10 Rules for Requirements Management Mastery

Requirements management mastery is a process of ensuring that the goals of any project or endeavour are successfully realised, are timely and that waste, avoidable redundancy and “feature creep” are eliminated. Managing the requirements of any project throughout the lifecycle of that project is essential to save time, money, effort, resources and successfully arrive at the business goal.  For this reason, requirements management mastery must be a key focus of all projects.

Following the steps ahead, any project will stay on track, save money and deliver what the client needs as the process itself ensures that outcome. Requirements management mastery is a goal that your business will thrive from.

Rule One: Design the Requirements to be of Most Use

Ensure that all requirements derived from the client are SMART:

        1. Specific
        2. Measurable
        3. Attainable
        4. Realisable
        5. Traceable


Rule Two: Manage the Requirements

Identifying the user’s needs, through user’s needs statements which are then processed to be Specific, Measurable, Attainable, Realistic and Traceable, are used to create user requirements, then system requirements should be developed from these user requirements. These ought to be linked to maintain full traceability and coverage throughout the project lifecycle and store all the requirements in a central requirements repository. Cradle is designed from the ground up to manage all requirements with full coverage and traceability, end-to-end, backwards and forwards through its unique transitive linking mechanism for full traceability and coverage from every requirement to every outcome, and from every outcome back to every requirement.

Rule Three: Ensure Constraints are Accounted for

Non functional and non system requirements such as for legal or regulatory compliance must be accounted for and this is useful for ensuring quality is maintained and indeed, built into the system.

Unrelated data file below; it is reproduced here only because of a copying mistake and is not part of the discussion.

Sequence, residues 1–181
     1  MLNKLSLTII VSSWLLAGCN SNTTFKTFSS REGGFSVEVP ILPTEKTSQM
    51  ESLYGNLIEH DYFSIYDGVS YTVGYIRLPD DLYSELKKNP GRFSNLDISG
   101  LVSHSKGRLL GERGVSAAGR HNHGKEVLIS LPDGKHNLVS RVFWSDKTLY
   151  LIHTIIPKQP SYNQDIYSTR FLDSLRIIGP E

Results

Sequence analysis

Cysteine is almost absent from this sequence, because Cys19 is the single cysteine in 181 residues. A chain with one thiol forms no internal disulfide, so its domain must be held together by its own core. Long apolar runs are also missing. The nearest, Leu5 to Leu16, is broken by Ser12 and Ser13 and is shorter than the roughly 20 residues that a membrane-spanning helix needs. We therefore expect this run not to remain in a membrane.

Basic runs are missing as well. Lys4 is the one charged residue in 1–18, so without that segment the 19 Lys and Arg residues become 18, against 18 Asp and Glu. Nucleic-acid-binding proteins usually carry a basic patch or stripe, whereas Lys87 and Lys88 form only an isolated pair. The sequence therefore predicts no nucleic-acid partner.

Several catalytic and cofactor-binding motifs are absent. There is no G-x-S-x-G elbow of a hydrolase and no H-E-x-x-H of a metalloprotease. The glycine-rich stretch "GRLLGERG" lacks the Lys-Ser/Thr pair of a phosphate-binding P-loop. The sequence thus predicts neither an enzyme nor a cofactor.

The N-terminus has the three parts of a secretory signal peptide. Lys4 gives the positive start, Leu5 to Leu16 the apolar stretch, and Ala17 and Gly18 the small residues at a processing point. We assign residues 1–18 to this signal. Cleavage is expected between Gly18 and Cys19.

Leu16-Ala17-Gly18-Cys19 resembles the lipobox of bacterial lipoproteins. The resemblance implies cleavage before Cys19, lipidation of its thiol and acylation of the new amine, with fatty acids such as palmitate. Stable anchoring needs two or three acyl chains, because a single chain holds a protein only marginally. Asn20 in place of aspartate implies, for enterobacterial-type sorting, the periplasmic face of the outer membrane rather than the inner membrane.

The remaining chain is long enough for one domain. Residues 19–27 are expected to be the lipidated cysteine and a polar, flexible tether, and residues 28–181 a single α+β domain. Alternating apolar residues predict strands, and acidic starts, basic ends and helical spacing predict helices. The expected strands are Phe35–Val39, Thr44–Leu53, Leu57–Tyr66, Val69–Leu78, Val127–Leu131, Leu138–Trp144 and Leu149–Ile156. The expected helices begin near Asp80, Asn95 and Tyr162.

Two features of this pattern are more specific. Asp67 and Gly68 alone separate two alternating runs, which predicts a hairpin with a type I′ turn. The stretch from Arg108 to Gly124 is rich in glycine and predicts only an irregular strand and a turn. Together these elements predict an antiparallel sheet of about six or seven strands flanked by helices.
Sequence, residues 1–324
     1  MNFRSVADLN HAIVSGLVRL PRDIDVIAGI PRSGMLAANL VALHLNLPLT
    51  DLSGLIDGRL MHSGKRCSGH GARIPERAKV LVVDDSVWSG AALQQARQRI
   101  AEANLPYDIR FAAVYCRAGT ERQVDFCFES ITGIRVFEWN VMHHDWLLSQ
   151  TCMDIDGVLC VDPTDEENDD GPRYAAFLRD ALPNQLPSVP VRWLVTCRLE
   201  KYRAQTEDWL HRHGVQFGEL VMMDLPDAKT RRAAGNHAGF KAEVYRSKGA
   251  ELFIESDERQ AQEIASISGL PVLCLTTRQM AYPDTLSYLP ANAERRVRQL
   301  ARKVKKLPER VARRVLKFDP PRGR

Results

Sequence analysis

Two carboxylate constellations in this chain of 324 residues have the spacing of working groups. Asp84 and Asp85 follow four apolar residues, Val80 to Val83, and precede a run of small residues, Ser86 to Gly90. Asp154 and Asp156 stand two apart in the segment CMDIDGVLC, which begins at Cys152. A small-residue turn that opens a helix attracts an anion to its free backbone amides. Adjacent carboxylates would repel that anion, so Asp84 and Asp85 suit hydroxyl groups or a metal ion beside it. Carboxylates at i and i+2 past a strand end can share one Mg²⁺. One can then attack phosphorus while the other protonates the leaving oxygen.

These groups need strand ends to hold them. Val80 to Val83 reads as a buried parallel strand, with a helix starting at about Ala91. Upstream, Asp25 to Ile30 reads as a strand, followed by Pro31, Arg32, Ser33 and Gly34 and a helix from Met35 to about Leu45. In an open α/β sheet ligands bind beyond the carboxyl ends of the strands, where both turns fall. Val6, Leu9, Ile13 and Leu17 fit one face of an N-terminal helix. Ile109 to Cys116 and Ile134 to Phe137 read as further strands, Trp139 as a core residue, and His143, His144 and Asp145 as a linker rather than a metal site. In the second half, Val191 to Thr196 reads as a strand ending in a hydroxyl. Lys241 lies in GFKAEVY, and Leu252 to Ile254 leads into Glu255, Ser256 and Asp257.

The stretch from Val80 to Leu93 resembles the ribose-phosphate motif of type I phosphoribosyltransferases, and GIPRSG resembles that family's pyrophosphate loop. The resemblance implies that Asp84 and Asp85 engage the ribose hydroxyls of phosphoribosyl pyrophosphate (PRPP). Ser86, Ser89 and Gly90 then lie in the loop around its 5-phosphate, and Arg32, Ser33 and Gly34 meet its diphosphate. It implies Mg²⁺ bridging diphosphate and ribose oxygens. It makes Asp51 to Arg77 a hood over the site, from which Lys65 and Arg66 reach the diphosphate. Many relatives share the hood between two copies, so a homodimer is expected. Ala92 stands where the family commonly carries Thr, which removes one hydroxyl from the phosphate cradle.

Rule Four: Model Requirements

Various modelling tools (built into Cradle) are very useful for understanding requirements in a broader and more understandable way. It can reduce ambiguity and create a much better understanding of how requirements can be achieved.

Step 5: Test Requirements

Ensure that requirements can be tested, through test cases, tests, test results all linked transitively back to the requirements being tested. Cradle’s TEST module (Test, Execution & Recording (TER)) allows you to directly link Test Cases to your requirements, needs, or design elements. You can then define Test Plans and Test Executions to group and run these tests and the tool will record the Test Results against each Test Step.

Gathering requirements
Requirements management mastery

Rule Six: Be Aware of Business Needs

By analysing business needs, requirements can be optimised to ensure that essential stakeholders are made aware of opportunities to enhance the business and improve innovation.

Rule Seven: Ensure that Changes are Controlled

During any project lifecycle, changes occur which impact requirements. Having tools that manage those changes, tracks them through full traceability and coverage and notifies stakeholders of which parts of the project are impacted by those changes, gives the business a clear advantage, reducing errors, saving time and lots of money.

Rule Eight: Monitor and Track Metrics and Trends

Make use of Cradle to ensure that metrics are identified and learned from. Continuous improvement in requirements definitions and utility leads to better implementation.

Rule Nine: Keep a Repository of Good Requirements

Ensure that a repository of requirements is stored for future analysis and learning. These can be reused or used as templates in the future. Especially non-functional requirements relating to compliance with government or legal standards.

Rule Ten: Ensure that Requirements are Reused

Save time, money and effort by reusing requirements that are still useful. Why re-invent the wheel? Requirements that have been used before will hold useful lessons. Were they changed, amended? Why? What was learnt? Cradle’s Adaptations for reusability is very useful here.